Robot Manipulators: Mathematics, Programming, and Control (Artificial Intelligence)
Richard P. Paul | The MIT Press | November, 1981 | 279 pages | English | pdf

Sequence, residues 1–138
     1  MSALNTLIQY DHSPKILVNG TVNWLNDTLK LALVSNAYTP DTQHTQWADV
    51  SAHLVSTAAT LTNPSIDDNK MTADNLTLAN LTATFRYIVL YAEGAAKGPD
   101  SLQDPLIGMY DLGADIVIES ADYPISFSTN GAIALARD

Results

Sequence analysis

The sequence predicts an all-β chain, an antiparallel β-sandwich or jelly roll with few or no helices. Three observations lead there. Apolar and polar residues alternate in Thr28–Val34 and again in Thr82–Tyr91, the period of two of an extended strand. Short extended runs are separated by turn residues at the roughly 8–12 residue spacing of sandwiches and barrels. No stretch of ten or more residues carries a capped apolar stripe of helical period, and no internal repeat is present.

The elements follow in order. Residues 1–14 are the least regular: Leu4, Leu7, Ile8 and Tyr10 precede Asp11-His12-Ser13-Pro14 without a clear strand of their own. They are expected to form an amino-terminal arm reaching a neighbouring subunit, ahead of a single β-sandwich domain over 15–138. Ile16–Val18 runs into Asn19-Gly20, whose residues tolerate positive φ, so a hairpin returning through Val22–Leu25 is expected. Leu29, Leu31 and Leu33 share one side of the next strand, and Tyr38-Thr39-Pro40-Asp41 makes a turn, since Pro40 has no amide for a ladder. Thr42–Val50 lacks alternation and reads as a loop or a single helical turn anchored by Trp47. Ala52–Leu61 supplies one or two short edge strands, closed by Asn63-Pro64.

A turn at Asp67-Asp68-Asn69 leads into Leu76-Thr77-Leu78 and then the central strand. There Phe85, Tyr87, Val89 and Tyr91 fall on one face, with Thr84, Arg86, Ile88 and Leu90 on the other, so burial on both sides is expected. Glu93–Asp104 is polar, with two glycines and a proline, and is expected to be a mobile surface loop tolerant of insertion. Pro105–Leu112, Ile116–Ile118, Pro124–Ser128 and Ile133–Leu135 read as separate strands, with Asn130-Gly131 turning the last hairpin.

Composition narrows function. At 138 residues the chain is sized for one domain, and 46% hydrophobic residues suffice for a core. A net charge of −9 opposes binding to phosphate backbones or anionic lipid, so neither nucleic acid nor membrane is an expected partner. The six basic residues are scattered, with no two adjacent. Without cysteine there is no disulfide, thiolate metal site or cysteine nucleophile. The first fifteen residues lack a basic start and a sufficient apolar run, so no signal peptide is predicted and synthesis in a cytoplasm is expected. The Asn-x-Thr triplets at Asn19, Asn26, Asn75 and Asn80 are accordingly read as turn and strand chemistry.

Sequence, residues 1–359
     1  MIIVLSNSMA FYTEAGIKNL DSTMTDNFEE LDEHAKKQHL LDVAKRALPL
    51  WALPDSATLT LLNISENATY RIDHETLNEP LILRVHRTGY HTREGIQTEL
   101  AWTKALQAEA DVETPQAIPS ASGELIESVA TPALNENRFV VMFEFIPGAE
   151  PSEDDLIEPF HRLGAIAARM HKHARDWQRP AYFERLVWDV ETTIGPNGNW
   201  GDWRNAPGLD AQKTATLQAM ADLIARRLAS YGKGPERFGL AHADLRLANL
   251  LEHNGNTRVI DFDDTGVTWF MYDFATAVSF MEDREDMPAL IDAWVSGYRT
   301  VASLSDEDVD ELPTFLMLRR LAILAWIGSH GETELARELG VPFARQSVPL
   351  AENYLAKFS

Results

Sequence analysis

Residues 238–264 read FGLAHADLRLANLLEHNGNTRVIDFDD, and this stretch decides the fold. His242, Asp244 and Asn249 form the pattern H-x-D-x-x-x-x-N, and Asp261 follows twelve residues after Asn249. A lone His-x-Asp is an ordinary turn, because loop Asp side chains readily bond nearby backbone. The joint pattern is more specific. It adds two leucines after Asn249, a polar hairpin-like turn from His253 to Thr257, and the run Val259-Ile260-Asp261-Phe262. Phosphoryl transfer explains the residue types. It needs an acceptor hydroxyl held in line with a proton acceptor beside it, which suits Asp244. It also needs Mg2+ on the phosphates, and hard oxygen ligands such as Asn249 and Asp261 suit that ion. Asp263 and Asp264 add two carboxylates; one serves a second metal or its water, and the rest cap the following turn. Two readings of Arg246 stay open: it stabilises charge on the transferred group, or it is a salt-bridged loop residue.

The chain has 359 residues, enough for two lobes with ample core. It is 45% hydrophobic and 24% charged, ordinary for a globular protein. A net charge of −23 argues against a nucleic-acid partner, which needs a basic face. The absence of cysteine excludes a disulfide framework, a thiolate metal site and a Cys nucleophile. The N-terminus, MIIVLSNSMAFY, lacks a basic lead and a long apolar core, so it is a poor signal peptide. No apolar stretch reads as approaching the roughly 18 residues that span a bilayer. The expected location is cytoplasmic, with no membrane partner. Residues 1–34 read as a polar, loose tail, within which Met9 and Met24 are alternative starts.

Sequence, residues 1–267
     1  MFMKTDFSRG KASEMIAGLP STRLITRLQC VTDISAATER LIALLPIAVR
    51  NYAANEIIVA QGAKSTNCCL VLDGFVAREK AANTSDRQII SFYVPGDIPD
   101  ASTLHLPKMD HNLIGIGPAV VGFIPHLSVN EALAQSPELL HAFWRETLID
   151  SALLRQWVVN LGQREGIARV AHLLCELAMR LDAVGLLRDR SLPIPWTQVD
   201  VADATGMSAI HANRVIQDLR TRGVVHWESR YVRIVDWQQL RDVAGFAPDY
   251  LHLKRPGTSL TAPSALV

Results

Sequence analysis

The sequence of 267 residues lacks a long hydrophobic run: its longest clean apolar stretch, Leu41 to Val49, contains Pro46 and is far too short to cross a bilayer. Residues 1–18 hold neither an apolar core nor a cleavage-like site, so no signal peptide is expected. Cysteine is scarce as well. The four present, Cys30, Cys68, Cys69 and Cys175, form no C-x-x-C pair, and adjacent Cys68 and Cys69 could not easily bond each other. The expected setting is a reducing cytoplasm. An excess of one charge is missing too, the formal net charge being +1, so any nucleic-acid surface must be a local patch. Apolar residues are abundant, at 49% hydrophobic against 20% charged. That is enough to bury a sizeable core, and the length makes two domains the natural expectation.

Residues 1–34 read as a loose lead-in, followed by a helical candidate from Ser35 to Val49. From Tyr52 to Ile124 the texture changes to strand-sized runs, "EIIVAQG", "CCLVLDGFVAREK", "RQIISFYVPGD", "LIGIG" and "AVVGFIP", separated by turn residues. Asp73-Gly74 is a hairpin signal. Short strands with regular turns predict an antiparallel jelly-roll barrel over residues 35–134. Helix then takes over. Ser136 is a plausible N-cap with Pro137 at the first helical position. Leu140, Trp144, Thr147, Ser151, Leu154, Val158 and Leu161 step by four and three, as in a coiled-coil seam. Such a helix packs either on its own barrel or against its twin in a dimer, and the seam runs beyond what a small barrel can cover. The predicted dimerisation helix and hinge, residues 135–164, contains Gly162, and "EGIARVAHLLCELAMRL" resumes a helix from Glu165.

"Richard Paul is perhaps the world's leading authority on the science of robot manipulation. He has contributed to almost every aspect of the field. His impressive publication record includes important articles on the kinematics of robot arms, their dynamics, and their control. He has developed a succession of interesting ideas concerning representation, specifically the use of homogeneous matrices.... Paul's book is written in his usual clear style, and it contains numerous interesting examples." �Patrick H. Winston and Mike Brady, editors, The MIT Press Artificial Intelligence Series Robot Manipulators is firmly grounded on the theoretical principles of the subject and makes considerable use of vector and matrix methods in its development. It is the first full treatment to be published, and it is designed for graduate courses in robotics as well as for practicing engineers. Following an introduction, the book's ten chapters cover homogeneous transformations, defining transformation equations, solving transformation equations, differential transformation relationships, motion trajectories, dynamics, digital servo systems, force transformations, compliance, and manipulation languages. Paul writes that the impact of robot manipulators on the workplace and the economy over the coming decade could be profound: "While currently available industrial robots will probably not have a major impact on manufacturing, a low-cost, mass-produced, sensor-controlled robot could have a revolutionary effect.... Such robots would represent the conclusion of the industrial revolution, replacing the type of labor required at its outset to perform the repetitive machine-linked tasks whose ideal performance is characterized by our conception of a robot, not a human. Based on current research work, laboratory demonstrations, and the general level of technology in this country, we believe that it is possible to achieve such a robot within the coming decade."
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